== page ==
'I, Jeronimus, am a man of phials, a measurer of powders on bronze scales, a potion brewer, an opium and arsenic merchant. The primped and perfumed Amsterdam burgers came to me in droves requiring cures for fevers, love balms, the miscarriage of a bastard child and, of course, poisons. Ah, poisons ...'
Long before the British started to send convicts into exile in Australia strange and terrible things were going on in Terra Australis, the Great Southland. The Dutch East India flagship, the Batavia sank off the coast of Western Australia in 1629 and Jeronimus Cornelisz, a deranged psychopath, took command of the 316 castaways. Less than half of them (only 107 men, seven women and two children) would survive.
Jeronimus Cornelisz was born in the year 1598, probably in Friesland, one of the most isolated of the northern provinces of Holland. His mother and father were very well-off and were amongst the most high-powered people in the area.
He would probably have attended school from the age of six or seven as at the beginning of the 17th century the Dutch education system was easily the most advanced in all of Europe. It was common in those times for most boys and girls to leave school by the age of nine or ten, but as the son of wealthy parents Jeronimus would have continued his education at one of the famous Latin schools.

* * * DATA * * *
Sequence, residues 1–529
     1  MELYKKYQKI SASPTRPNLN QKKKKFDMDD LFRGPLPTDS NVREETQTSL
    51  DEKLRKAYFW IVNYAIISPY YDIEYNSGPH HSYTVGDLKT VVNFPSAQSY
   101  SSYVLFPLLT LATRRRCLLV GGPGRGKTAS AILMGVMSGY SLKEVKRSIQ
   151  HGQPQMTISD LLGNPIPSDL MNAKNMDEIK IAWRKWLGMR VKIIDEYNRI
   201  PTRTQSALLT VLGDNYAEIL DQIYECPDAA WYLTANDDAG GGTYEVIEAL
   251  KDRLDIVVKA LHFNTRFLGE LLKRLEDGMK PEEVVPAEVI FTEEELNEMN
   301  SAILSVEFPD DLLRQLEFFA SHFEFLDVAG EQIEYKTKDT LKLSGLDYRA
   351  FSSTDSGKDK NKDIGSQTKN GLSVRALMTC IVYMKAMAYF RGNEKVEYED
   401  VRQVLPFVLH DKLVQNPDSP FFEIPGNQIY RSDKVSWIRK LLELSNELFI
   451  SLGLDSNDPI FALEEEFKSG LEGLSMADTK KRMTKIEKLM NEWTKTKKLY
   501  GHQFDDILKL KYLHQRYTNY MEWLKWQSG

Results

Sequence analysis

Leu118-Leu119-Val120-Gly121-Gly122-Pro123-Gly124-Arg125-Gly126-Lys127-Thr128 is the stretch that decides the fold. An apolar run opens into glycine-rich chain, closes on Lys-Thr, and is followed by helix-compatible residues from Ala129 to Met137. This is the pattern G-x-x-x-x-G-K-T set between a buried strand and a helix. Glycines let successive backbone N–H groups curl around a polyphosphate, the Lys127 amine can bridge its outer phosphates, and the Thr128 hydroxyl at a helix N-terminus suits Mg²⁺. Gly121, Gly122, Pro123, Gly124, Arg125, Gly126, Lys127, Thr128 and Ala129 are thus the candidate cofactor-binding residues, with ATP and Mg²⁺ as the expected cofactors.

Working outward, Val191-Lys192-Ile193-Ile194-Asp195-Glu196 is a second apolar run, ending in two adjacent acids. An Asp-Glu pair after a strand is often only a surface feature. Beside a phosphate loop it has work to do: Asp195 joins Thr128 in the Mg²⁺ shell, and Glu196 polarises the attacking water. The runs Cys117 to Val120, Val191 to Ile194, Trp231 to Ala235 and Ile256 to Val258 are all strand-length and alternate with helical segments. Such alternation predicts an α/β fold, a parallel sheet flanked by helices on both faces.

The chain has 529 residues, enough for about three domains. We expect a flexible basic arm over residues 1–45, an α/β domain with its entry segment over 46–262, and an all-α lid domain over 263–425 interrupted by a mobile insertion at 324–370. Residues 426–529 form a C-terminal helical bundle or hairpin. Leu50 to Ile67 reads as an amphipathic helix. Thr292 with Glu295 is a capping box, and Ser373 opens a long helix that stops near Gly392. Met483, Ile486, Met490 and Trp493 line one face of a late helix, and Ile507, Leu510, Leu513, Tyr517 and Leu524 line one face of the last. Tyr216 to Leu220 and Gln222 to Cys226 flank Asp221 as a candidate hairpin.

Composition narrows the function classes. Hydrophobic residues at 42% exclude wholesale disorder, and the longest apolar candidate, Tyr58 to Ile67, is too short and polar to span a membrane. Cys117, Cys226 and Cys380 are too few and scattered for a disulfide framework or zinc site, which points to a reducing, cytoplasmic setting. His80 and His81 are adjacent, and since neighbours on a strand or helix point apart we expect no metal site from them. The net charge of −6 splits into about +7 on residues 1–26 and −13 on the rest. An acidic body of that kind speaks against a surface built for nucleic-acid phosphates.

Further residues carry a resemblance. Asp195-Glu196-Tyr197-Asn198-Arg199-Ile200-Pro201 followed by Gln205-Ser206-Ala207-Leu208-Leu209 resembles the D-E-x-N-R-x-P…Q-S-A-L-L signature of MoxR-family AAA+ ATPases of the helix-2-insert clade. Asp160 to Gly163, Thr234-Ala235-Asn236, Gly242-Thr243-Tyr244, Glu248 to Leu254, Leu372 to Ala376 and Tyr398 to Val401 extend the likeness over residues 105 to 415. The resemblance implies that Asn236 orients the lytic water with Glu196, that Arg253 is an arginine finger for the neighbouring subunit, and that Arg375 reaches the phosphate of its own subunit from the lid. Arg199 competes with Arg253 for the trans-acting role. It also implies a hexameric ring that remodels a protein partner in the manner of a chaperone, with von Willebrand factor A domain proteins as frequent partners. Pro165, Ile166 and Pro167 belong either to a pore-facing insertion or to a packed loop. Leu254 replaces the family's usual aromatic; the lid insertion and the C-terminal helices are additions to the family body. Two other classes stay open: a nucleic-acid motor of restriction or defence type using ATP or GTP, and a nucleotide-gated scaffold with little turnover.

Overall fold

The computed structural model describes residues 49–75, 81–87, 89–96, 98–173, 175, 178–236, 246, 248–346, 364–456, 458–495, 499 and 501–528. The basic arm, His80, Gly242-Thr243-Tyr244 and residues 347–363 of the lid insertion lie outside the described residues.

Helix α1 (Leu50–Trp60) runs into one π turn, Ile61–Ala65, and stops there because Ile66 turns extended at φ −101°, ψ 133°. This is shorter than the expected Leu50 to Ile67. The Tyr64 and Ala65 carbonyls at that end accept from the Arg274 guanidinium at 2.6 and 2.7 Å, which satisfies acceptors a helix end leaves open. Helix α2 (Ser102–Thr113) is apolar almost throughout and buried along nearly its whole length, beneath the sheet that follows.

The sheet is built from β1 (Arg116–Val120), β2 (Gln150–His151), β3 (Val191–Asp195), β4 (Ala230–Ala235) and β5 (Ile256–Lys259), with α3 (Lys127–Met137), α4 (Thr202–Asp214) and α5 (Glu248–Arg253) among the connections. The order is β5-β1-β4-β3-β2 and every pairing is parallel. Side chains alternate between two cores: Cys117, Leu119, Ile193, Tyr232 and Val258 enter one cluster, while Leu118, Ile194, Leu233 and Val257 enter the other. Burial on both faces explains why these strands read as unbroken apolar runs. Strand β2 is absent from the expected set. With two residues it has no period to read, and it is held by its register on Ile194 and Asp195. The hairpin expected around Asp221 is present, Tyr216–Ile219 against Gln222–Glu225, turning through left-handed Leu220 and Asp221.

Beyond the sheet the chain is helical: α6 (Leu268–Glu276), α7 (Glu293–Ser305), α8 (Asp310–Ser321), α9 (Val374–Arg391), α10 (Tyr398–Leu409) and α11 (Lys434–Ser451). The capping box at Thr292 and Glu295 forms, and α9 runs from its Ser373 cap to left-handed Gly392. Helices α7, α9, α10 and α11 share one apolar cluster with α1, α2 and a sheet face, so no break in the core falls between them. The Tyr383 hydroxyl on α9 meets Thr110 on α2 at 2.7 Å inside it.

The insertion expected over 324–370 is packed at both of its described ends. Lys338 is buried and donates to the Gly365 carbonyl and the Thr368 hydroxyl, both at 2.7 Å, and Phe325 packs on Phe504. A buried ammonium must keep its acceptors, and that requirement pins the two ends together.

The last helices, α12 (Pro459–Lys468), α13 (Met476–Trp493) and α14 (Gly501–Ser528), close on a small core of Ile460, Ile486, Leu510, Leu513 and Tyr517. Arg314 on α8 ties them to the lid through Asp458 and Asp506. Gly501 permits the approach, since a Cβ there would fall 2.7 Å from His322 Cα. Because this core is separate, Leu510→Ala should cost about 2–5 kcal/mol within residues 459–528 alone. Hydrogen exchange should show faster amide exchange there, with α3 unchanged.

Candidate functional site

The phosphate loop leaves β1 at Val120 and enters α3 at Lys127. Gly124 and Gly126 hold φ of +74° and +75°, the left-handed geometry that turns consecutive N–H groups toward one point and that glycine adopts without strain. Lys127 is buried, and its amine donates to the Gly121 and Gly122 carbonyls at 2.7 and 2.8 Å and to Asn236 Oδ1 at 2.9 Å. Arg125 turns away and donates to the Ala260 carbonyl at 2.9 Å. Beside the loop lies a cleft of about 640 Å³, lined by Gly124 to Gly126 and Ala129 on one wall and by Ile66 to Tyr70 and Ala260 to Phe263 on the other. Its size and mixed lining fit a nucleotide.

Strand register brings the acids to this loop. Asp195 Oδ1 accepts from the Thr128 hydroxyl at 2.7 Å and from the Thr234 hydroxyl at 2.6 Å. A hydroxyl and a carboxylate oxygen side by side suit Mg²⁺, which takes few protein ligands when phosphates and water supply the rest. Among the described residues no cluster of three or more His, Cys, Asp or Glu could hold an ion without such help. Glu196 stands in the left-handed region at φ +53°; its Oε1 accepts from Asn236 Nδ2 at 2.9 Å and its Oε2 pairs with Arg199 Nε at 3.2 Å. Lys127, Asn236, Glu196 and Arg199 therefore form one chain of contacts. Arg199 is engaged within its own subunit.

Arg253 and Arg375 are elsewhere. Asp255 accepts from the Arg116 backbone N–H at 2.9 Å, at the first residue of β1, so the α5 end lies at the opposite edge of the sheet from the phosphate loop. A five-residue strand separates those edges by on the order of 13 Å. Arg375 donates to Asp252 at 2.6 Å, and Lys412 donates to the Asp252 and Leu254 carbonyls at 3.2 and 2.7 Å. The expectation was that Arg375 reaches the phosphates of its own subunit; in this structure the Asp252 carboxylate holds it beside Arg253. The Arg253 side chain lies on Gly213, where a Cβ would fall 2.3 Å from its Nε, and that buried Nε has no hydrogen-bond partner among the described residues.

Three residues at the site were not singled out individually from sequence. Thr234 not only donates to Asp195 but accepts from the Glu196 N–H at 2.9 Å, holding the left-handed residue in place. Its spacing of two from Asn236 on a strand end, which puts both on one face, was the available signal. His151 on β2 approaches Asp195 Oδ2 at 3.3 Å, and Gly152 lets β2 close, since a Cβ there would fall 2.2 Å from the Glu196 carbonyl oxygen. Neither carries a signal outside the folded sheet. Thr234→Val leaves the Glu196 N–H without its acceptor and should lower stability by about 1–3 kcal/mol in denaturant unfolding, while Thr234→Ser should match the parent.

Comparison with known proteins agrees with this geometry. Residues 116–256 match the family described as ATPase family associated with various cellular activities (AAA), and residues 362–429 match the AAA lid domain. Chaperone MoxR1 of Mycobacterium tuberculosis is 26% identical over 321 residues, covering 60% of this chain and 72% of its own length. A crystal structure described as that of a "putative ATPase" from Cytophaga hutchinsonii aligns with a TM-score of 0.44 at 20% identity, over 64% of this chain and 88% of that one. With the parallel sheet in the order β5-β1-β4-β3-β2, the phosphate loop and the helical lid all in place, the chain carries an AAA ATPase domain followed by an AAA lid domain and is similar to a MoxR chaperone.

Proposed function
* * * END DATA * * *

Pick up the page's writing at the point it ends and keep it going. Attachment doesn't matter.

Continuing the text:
Being a well-educated rich young man he would have had many choices of work in the Dutch republic. He could have been a minister, physician, studied law or trained as a bureaucrat.
Jeronimus instead chose apothecary, a less high-powered but still well-paid job, He was apprenticed some time between 1615 and 1620. In early modern Europe, fully qualified apothecaries had the first and the...